feedback nesessary for oscillation. The amplifier output is developed across C1, and feedback
voltage is developed across C2. The voltage across C2 is 180 degrees out of phase with the
voltage across C1, thus feedback is regenerative. .
Resistors, R1 and R2 provide the usual stabilizing DC bias for the transistor in the normal manner
while the capacitor acts as a DC-blocking capacitors.
The frequency of oscillations for a Colpitts Oscillator is determined by the resonant frequency of the
LC tank circuit and is given as:
where CT is the capacitance of C1 and C2 connected in series and is given as:
The configuration of the transistor amplifier is of a Common Emitter Amplifier with the output signal
180 degrees out of phase with regards to the input signal.
Both the Armstrong and the Hartley oscillators have a tendency to be unstable in frequency because
of junction capacitance. In comparison, the colpitts oscillator has fairly good frequency stability,
easy to tune, and can be used for a wide range of frequencies. The large value of split capacitance
is in parallel with the junctions and minimizes the effect on frequency stability.
The Clapp oscillator is simply a Colpitts oscillator with an extra capacitor in series with the coil.
labeled as C3 in Fig 6. The function of C3 is to reduce the effects of junction capacitance on
C1 is in parallel with the Miller input capacitance, Cin(M).
C2 is in parallel with the Miller output capacitance, Cout(M).
C3 is always much lower in value than either C1 or C2, so it becomes the dominant capacitor in
any frequency calculation. The reason we still need C1 and C2 is to provide the phase shift needed
for regenerative feedback. C3 has not replaced C1 and C2. It is simply there to determine the
operating frequency. Since C1 and C2 are eliminated from the frequency calculation, junction
capacitance has little or no effect on operating frequency.
Advantages of Clapp Oscillators
Because there is no load on the inductor a high "Q" circuit results with a high L/C ratio
course much less circulating current. This aids drift reduction. Because larger inductances are
required, stray inductances do not have as much impact as perhaps in other circuits.
The additional capacitor offers more accurate and stable frequency compared to Hartley and
Colpitts oscillators. It has the added advantage of a higher loaded Q factor than the Colpitts.
A Clapp circuit is often preferred over a Colpitts circuit for constructing a variable frequency
oscillator (VFO). In a Colpitts VFO, the voltage divider contains the variable capacitor (either C1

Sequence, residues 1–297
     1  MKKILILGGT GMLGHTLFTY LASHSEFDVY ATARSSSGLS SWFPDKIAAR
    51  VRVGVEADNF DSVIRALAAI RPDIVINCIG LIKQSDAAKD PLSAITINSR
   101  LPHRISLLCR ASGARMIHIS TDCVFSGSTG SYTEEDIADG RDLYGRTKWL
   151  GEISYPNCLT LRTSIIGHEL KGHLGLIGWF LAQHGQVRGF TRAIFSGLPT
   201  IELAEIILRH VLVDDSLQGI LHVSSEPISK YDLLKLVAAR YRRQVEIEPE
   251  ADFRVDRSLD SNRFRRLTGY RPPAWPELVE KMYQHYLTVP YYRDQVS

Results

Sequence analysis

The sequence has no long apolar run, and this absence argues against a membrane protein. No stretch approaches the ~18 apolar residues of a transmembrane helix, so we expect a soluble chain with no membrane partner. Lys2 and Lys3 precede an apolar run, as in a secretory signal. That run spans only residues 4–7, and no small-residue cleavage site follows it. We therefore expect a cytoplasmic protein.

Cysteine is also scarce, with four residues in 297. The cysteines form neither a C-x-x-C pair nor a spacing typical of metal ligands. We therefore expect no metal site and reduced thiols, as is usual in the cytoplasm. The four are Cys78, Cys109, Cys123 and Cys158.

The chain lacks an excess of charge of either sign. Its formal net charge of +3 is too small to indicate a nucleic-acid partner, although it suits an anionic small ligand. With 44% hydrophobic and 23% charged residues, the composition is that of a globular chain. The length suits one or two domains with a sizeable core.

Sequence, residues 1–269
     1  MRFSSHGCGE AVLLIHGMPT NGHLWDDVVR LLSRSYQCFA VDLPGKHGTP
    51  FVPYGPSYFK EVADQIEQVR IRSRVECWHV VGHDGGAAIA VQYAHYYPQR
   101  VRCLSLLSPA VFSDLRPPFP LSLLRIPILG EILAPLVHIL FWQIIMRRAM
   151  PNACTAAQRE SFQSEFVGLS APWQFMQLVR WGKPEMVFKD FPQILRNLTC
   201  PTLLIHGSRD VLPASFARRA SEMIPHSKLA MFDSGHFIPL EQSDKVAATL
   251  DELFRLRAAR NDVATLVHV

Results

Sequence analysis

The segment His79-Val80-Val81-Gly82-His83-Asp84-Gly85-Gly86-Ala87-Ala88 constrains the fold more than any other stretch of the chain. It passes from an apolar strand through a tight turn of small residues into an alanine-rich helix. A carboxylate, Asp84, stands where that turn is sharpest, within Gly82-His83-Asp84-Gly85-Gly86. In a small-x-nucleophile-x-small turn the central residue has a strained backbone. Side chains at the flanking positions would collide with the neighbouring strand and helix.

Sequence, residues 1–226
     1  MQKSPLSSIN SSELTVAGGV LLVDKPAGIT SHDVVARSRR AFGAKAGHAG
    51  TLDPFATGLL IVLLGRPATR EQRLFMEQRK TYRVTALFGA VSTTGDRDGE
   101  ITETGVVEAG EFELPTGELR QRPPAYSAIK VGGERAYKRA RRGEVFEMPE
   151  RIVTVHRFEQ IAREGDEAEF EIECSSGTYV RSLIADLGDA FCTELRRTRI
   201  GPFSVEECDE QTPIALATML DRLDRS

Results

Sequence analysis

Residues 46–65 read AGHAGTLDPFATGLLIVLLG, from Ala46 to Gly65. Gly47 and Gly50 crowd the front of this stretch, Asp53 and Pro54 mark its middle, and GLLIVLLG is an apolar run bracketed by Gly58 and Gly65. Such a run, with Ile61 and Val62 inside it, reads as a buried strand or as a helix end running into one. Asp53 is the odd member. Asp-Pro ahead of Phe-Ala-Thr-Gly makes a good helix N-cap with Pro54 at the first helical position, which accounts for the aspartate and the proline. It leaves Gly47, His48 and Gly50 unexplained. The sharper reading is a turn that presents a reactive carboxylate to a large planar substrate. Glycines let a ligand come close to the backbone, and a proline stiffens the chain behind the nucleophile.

or C2). This causes the feedback voltage to be variable as well, sometimes making the Colpitts
circuit less likely to achieve oscillation over a portion of the desired frequency range. This problem
is avoided in the Clapp circuit by using fixed capacitors in the voltage divider and a variable
capacitor (C0) in series with the inductor.
The hartley oscillator is similar to the colpitts oscillator. It uses a pair of tapped inductors and
capacitor to produce the regenerative feedback nesessary for oscillation. It has the advantage of
having its output amplitude remain constant (amplitude stability) over a tunable frequency
range.However, it generates harmonics frequencies which prevents it from producing pure sine
The hartley oscillator is an improvement over the Armstrong oscillator. Although its frequency
stability is not the best possible of all the oscillators, the Hartley oscillator can generate a wide
of frequencies and is very easy to tune. The Hartley will operate Class C with self-bias for ordinary
operation. It will operate Class A when the output waveform must be of a constant voltage level or
of a linear waveshape.
Advantages of Hartley Oscillators
The frequency is simply varied by the net value of C in the tank circuit.
The output amplitude remains constant when tuned over the frequency range.
The feedback ratio of L1 to L2 (figure 1) remains constant.
Disadvantages of Hartley Oscillators
The output is rich in harmonic content and therefore not suitable where a pure sine wave is required.
One version of a SERIES-FED hartley oscillator is shown in figure 8. The tank circuit consists of
the tapped coil (L1 and L2) and capacitor C2. The feedback circuit is from the tank circuit to the
base of Q1 through the coupling capacitor C1. Coupling capacitor C1 prevents the low dc
resistance of L2 from placing a short across the emitter-to-base junction and resistor RE. Capacitor
C3 bypasses the sine-wave signal around the battery, and resistor RE is used
for temperature stabilization to prevent thermal runaway. Degeneration is prevented by CE in
parallel with RE. The amount of bias is determined by the values of RB, the emitter-to-base
resistance, the small amount of dc resistance of coil L1, and the resistance of RE.
A version of a SHUNT-FED hartley oscillator is shown in figure 9. The parts in this circuit perform
the same basic functions as do their counterparts in the series-fed Hartley oscillator. The difference
between the series-fed and the shunt-fed circuit is that dc does not flow through the tank circuit.
The shunt-fed circuit operation is essentially the same as the series-fed Hartley oscillator.
When voltage is applied to the circuit, Q1 starts conducting. As the collector current of Q1
increases, the change (increase) is coupled through capacitor C3 to the tank circuit, causing it to
oscillate. C3 also acts as an isolation capacitor to prevent dc from flowing through the feedback
coil. The oscillations at the collector will be coupled through C3 (feedback) to supply energy lost
within the tank.